Q: Dear Iron Shrink,
Can drugs make you insane? My mom and dad say that they can but I think it’s just a scare tactic. - Michael, Dallas
A: Dear Michael,
If by “insane” your parents are referring to hallucinations, delusions, wildly unpredictable behavior, self-destructiveness, and the potential to spend years in prison or a state hospital, then the answer is: yes, drugs can make you insane.
Take the example of Jack (that isn’t his real name, and details of his story have been changed). Jack first discovered methamphetamine, a powerful stimulant, during his teenage years. Meth is cheap, easy to buy, and highly addictive. By his mid-20’s Jack was using meth in high enough quantities that he experienced two long episodes (that he remembers) of Amphetamine-Induced Psychosis.
The word “psychosis” refers to a disconnection with reality. An individual suffering psychotic symptoms may experience hallucinations in which he hears, sees, or feels things that are not there, such as mumbling voices or bugs crawling on his skin. He might also experience delusions, which are strongly held irrational beliefs.
Jack, for example, held the delusional belief that his girlfriend had planted government listening devices around his home. A person suffering psychosis can also experience bizarre thought processes, such as answering questions by reciting words that begin with a certain letter. And psychosis often includes lack of insight, which is the inability to recognize that anything is wrong. Incidentally, psychosis is not a diagnosis, but a set of symptoms. Like a fever, psychosis can accompany many conditions, including substance abuse.
Imaginary men in black
One of Jack’s psychotic episodes included the belief that he was being pursued by the FBI. This led him to spend nearly a month frantically traveling the country in an attempt to escape imaginary government agents. He burned through his savings buying gas, hotel rooms, meth, and by paying people for protection and information about the FBI. He finally freed himself from his delusions when he publicly and conspicuously poured a bag of flour down a drainpipe, thereby fooling the imaginary FBI agents into believing that he had gotten rid of all of his drugs.
By the time I met Jack he had been off meth for more than a month, mostly because he was in prison. You might imagine that Jack’s psychotic symptoms were gone by then, but you’d be wrong. Jack still wasn’t sure whether the FBI had been pursuing him. He was still hearing voices, and he was still highly suspicious of those around him. In other words, Jack was still a little bit “insane.” (“Insanity” is actually a legal term, not medical, but I’ll let it slide this time since your parents are on my side.)
More than one way to go crazy
Here’s the deal with stimulant drugs like meth. Some stimulants act by increasing the amount of a chemical called dopamine in certain parts of brain. Schizophrenia, a serious mental disorder characterized by psychotic symptoms, is also associated with dopamine imbalances. Is there a connection? Some people think that the amphetamine-induced psychosis is similar in cause and nature to schizophrenia. Some people even think that using drugs like meth makes a person more susceptible to conditions like schizophrenia even after they stop taking the drug (see Adeyemo, 2002).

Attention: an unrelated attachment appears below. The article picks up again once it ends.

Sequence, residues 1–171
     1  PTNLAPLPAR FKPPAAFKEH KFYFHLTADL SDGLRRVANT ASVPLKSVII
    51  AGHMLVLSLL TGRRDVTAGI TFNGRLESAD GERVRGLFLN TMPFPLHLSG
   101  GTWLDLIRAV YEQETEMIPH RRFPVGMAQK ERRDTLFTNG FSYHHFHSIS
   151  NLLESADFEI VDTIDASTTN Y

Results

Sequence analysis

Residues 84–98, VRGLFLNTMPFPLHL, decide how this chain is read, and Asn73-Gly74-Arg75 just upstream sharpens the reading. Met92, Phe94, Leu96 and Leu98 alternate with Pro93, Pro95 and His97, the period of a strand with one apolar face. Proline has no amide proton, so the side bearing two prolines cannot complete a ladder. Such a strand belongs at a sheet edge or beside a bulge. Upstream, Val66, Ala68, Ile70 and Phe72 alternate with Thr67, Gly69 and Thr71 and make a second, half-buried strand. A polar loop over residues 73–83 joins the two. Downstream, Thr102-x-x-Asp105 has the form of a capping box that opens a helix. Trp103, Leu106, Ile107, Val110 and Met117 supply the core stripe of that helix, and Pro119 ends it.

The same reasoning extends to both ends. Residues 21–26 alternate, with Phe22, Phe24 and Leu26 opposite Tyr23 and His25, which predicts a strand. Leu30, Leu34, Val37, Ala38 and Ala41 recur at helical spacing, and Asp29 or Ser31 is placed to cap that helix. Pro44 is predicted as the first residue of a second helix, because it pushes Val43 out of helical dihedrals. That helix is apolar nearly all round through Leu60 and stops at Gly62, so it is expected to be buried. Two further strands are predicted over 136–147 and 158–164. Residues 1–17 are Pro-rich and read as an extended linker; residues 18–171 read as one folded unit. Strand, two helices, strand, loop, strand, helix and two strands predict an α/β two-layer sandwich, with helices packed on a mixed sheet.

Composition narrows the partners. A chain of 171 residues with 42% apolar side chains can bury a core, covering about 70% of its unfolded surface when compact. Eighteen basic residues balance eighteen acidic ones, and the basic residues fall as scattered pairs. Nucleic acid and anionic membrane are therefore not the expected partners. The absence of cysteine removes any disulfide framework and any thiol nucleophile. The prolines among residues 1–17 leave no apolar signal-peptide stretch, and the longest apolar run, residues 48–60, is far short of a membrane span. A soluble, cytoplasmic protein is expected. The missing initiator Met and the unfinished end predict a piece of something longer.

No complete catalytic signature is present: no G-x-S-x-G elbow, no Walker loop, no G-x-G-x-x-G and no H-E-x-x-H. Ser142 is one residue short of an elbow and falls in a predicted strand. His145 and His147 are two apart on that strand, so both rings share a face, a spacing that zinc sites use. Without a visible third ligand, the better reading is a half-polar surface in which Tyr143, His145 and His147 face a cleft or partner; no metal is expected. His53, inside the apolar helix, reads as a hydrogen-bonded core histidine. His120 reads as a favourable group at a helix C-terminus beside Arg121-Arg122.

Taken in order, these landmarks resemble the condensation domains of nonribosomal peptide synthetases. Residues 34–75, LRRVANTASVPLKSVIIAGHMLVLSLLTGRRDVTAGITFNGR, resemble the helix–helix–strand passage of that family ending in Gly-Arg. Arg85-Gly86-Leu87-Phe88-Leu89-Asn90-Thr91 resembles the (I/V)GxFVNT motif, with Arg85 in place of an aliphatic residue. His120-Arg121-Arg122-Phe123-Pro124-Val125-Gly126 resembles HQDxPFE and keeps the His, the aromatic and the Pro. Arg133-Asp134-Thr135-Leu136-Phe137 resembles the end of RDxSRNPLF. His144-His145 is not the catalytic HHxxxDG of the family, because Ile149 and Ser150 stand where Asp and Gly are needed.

That’s all up for debate, but there is no doubt that Jack paid a heavy price for his meth use and it’s entirely possible that his addiction will have life-long psychotic effects. Why is he still having trouble? It could be that methamphetamine actually induced lasting psychotic symptoms in Jack, or it could be that running frantically from the FBI was such a powerful experience that his delusion seems real in retrospect. Either way, Jack has four to six years behind bars to figure it out.
Stimulants aren’t the only drugs that lead to psychosis. Another major class of drugs is the depressants (the first being stimulants like meth). These include such things as benzodiazepines, barbiturates, and alcohol.
These, too, can lead to any number of lasting mental problems. Drink enough booze, for example, and you may come down with a debilitating mental illness called Korsakoff’s Psychosis. This condition is characterized by a severe deficit in short-term memory, usually accompanied by confabulated imaginary experiences that fill in the memory gaps. Imagine forgetting what you did this morning and simply making up a story about your day – all without deciding to do so. Korsakoff’s Psychosis can also include delusions, delirium, confusion, anxiety, and depression. Is that insane enough for ya’?
The moral of today’s story, Michael? If you’re looking for a way to go crazy have kids, not drugs. At least you won’t end up in prison.
Adeyemo, S. A. (2002). Can the action of amphetamine on dopamine cause schizophrenia? Psychology & Education: An Interdisciplinary Journal, 39(1), 29-39.